It will be good to put all this uncivil discourse behind us.
By Mary Annette Pember
I arrive in Minneapolis in late March. These first warm spring days mean that the sugar bush camps can begin, a treasured time for Ojibwe families to work together tapping maple trees and spending long hours boiling the sap down to its exquisite syrup. The sweetness of this month, however, is belied by the reason for my visit: to learn more about the ways that American Indian women here are addressing the plague of sexual assault in their communities.
Indian women experience higher rates of sexual assault than any other ethnic or racial group in the United States. According to the 2006 “Maze of Injustice” report by Amnesty International, one in three American Indian women will be sexually assaulted in her lifetime. Data gathered from Justice Department reports also shows that 86 percent of rapes reported by Indian women involve a perpetrator outside of their race. This is not typical. For example, in 2004, 65.1 percent of perpetrators of sexual violence against white women were white and 89.8 percent of perpetrators against African American women were African American.
For American Indian women, however, these facts are old news—really old news. It has been open season on American Indian women in this country for more than 200 years.
Indian women have been viewed as legitimate and deserving targets for sexual violence since the earliest days of colonialization, according to researchers such as Sarah Deer, professor at the William Mitchell College of Law. Raping Indian women has essentially been a right of conquest, notes Deer, a Muscogee Creek who served as a consultant on the “Maze of Injustice” report.
The actual rate of sexual assault for American Indian women is likely far greater than the data presented by the Justice Department or the “Maze of Injustice,” according to sexual assault advocates. “We’d like to know who those two other women are who haven’t been assaulted because we haven’t yet met them,” says Nicole Matthews of the Minnesota Indian Women’s Sexual Assault Coalition.
Indian women often don’t report sexual assaults, according to Matthews and other advocates. They may be concerned about past arrest warrants, they may fear they could lose their children, or they may worry no one will believe them.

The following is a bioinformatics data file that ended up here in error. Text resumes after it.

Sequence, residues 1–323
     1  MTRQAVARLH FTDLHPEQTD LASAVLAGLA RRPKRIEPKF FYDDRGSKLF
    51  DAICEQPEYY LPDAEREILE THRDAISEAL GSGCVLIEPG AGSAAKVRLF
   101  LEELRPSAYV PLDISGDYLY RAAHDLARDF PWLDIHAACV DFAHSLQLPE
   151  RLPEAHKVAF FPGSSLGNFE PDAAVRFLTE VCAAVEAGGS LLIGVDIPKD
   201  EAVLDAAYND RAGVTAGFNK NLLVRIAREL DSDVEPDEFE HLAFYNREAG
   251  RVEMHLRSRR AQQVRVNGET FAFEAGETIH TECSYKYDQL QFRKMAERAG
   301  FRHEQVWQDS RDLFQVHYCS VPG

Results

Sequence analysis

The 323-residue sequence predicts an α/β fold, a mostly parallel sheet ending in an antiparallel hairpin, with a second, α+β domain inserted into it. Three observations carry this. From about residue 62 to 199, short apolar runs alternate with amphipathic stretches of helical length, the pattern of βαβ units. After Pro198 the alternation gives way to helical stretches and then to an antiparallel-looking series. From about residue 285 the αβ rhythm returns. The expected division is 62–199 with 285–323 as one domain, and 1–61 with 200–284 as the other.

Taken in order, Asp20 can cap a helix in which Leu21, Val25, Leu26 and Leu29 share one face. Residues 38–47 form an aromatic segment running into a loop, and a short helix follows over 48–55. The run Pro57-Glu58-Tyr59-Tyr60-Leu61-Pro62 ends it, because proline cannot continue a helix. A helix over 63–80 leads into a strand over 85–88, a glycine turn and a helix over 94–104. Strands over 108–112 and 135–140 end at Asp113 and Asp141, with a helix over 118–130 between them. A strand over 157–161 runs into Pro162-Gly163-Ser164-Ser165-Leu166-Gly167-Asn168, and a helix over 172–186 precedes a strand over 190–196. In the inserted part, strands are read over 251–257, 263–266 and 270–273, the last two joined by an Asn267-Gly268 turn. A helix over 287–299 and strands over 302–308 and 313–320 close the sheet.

“Indian women don’t trust the system,” Matthews says.
Indian women understand that reporting rape doesn’t often result in prosecution so they choose simply not to subject themselves to additional trauma, notes Pauline Musgrove, executive director of the Spirits of Hope Coalition, in the Amnesty report. According to an extensive three-year study of the Duluth Police Department conducted by Mending the Sacred Hoop and the Program for Aid to Victims of Sexual Assault, none of the forty-plus cases of sexual assault reported by American Indian women went to prosecution. Surprised by their findings, the authors continued their research back to 2004 and were unable to find any prosecutions of sexual assault for American Indian victims. The audit was a wake-up call for Duluth authorities such as Leslie Beiers, assistant St. Louis county attorney, who admitted to an initial reaction of defensiveness and guilt. After hearing details of Indian women’s experience with the “system,” however, she and John Beyer, deputy chief of Duluth police, have promised to make substantive changes in how their departments treat American Indian sexual assault victims.
The Justice Department recently released statistics for the first time indicating that U.S. attorneys had declined to prosecute 47 percent of all cases in Indian Country referred to them in 2009. In some of the cases, officials cited jurisdictional problems. The Obama Administration has taken action in response to this news with landmark financial support, increasing funding for programs that work with tribal courts and law enforcement by nearly $180 million in fiscal year 2011. This represents a 250 percent increase over the past two years for such programming.
In July, Congress finally passed a bill to give greater local control to Native American tribal authorities to deal with crimes on reservations, including sexual violence against women. Amnesty International hailed the bill as a groundbreaking piece of legislation that tackles the complex jurisdictional maze that allows violent crime against American Indians to continue unabated.
Far more insidious than the failure of federal, state, and tribal authorities to protect Indian women and prosecute perpetrators is the shocking climate of resignation, even acceptance, among many Indian people toward sexual assault.
“There is an awful lot of shame about being assaulted for Indian women. We don’t talk about it, even to each other,” says Peggy Roy, Ojibwe, of the Minnesota Indian Women’s Resource Center.
During a roundtable community discussion convened by the resource center, an elder from the Leech Lake Ojibwe reservation recalled warnings that began in early childhood for girls: “Our mothers told us, if you see a group of white guys, hide in the bushes. If they see you, they’ll rape you.” The elder, who wished to remain anonymous, noted that growing up in such an environment creates the sense that rape is inevitable and that Indian women are simply vessels to be used by others. “What a terrible thing it is to raise our daughters to be afraid,” she said.